Commentary: Oblinger, Easley take the fall

At some point quite early in the going, the unpleasant reality must have dawned on Jim Oblinger: He had gotten himself into a situation that could not withstand the light of day.

If the full circumstances that surrounded N.C. State University's 2005 hiring of then-first lady Mary Easley became publicly known, there would be no hiding the fact that Oblinger, as the university chancellor, had allowed himself to be enlisted in a scheme that fell somewhere on the spectrum between unseemly and corrupt. He thus had betrayed his duty to defend the university against politically powerful, self-serving meddlers.

From then, things only grew worse. Sins of omission and commission were compounded. Yesterday, with Oblinger's resignation, came the downfall that had been set in motion four years ago. And to cap it off came the university's decision that Mary Easley, too, had to leave.

All it took for the scandal to mushroom was for facts to emerge – facts about the string-pulling, the special deals and the failures of candor that accompanied the Easley hiring and its embarrassing aftermath. Those facts have been laid out in recent days by The N&O, which yesterday reported communications showing that former Gov. Mike Easley had been personally involved in arranging for NCSU to offer his wife a job.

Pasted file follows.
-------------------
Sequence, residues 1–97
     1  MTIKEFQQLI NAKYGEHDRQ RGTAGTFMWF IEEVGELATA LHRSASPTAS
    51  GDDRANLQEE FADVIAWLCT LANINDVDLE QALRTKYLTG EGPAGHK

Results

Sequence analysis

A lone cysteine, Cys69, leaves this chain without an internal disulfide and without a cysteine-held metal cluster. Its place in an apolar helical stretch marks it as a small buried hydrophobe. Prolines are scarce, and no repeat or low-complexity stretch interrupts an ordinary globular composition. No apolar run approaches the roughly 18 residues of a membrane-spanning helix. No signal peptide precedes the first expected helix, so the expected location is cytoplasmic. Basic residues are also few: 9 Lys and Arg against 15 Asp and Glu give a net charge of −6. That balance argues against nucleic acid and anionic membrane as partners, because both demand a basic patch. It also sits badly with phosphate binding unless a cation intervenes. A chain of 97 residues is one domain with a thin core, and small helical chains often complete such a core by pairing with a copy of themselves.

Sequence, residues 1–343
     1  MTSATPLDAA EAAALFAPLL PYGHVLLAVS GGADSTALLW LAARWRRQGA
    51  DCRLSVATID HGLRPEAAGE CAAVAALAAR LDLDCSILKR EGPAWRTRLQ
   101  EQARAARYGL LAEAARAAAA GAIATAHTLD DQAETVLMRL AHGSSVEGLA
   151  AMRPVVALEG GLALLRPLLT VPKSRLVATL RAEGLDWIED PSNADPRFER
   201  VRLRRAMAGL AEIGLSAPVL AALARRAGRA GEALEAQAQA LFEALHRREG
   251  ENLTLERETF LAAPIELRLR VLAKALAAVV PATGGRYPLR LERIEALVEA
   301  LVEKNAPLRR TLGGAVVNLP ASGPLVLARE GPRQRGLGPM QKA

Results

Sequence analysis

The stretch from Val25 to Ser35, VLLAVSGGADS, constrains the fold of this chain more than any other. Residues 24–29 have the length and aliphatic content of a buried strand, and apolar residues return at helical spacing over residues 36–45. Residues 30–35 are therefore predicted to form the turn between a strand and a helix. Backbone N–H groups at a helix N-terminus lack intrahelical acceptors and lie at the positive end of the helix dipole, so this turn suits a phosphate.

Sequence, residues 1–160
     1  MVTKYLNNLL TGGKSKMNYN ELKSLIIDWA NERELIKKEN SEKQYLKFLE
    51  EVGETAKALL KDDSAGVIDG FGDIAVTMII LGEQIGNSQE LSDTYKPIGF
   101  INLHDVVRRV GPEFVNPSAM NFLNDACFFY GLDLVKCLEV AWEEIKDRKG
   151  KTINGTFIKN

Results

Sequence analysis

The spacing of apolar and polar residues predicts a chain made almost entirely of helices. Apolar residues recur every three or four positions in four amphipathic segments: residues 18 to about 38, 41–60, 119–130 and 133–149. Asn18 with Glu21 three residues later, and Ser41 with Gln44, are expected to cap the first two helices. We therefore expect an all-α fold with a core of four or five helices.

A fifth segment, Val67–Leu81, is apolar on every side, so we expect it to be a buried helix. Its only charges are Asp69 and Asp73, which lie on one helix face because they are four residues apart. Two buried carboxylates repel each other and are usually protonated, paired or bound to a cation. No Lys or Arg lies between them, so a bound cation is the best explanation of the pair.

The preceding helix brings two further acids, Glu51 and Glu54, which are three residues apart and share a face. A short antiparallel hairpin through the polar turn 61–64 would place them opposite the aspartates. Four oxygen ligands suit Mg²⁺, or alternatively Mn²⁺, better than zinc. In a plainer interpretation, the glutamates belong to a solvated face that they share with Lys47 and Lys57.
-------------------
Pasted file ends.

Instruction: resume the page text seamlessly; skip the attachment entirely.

No surprise there to the cynics, perhaps, but it nevertheless amounts to a brazen abuse of his clout as governor. A governor has plenty of patronage appointments at his disposal and awards them with few questions asked. But he has no right to award a nice job to his wife – or to lean on university administrators to take care of her.

As it happens, Mary Easley's original position morphed into one paying $170,000 a year for work that, as an N&O story yesterday illustrated, hardly seemed to justify such generosity. Her duties as an executive in residence included lining up notables for a university speakers series and sharing the teaching load for one course per semester (for which her rate of compensation was about five times that of her colleague).

To read the complete editorial, visit The (Raleigh) News & Observer.